The title of [What Is Existentialism?] would lead one to expect a pedestrian but systematic introduction to the subject of the sort usually addressed in the preface "to the general reader" or to "the educated public"—but which normally mystifies and rarely educates. Happily, the title is deceptive. This volume is neither a systematic treatment nor one which deals with existentialism in general. It offers instead two essays, related and partly overlapping, on the thought of one philosopher, Martin Heidegger. Moreover, these two essays, the composition of which was separated by "more than a dozen years," represent the author's attempt, not to popularize, but to divine the significance of Heidegger's thought as an event in the history of philosophy.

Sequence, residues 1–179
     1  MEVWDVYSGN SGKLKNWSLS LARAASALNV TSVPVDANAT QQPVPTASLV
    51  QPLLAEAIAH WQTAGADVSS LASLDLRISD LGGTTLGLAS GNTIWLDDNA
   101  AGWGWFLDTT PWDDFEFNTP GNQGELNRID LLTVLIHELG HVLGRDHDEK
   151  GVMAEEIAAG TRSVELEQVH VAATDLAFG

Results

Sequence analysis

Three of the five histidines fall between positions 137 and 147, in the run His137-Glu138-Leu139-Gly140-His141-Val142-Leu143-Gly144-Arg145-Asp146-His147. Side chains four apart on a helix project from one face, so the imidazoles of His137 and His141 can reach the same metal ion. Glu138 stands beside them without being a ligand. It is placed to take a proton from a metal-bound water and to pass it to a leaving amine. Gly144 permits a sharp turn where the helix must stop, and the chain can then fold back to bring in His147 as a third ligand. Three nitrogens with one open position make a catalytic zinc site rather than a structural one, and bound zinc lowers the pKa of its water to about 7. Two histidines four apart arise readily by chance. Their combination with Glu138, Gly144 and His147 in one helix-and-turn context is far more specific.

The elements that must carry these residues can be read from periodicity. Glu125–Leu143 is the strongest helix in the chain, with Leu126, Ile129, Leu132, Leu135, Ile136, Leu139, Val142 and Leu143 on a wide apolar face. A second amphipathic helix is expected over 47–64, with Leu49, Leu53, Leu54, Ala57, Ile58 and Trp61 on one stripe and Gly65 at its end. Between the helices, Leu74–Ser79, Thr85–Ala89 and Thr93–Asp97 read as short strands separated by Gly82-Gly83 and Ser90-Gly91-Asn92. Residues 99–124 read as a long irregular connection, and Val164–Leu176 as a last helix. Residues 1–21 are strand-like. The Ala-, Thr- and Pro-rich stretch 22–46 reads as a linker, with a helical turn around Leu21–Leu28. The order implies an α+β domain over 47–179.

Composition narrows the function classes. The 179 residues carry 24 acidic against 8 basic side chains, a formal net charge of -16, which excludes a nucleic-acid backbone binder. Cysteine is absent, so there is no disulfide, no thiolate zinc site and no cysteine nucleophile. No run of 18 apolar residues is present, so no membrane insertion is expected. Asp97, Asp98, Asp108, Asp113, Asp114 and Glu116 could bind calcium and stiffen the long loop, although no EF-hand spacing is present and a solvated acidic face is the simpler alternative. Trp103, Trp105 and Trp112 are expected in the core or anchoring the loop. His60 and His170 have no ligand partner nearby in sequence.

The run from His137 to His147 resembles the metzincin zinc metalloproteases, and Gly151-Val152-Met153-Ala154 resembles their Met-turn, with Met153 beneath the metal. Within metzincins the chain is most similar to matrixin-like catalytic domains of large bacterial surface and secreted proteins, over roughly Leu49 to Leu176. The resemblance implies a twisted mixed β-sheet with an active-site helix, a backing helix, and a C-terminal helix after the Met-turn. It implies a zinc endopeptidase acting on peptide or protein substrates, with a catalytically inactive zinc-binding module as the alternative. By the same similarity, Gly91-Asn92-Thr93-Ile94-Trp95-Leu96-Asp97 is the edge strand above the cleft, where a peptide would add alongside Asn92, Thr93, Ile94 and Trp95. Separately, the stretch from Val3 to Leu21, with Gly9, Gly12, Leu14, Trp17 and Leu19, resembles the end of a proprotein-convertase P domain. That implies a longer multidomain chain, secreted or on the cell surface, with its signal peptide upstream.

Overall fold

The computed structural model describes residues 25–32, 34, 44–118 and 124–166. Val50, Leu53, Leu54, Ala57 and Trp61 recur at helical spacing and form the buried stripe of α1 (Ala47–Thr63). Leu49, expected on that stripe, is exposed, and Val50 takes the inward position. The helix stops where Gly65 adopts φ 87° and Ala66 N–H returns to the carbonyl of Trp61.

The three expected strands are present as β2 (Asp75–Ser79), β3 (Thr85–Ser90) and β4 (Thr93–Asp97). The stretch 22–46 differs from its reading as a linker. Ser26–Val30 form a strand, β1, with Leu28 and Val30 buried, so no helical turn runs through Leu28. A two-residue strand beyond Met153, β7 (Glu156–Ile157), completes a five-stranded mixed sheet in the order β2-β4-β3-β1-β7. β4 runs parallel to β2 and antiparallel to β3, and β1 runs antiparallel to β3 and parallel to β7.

But in the end Mr. Barrett's accomplishment of this task does constitute, in a way, a highly successful introduction to existentialism; indeed, this is one of the best secondary sources yet available in English on the subject. The reason is that Mr. Barrett is one of the relatively few English-speaking philosophers who has attempted to view the contemporaneity of existentialism not as a novel or bizarre phenomenon, but as a historically present reality. The author, therefore, is far removed from that legion who, with the unquestionable but lifeless expertise of a Thomas Langan, dissect existentialism as if it were an unidentified body washed up to our domestic shores…. Mr. Barrett conveys the more important truth that existentialism is not simply an interesting episode in the annals of recent academic fads, but the conceptualization and intellectualization of a...
(The entire section is 675 words.)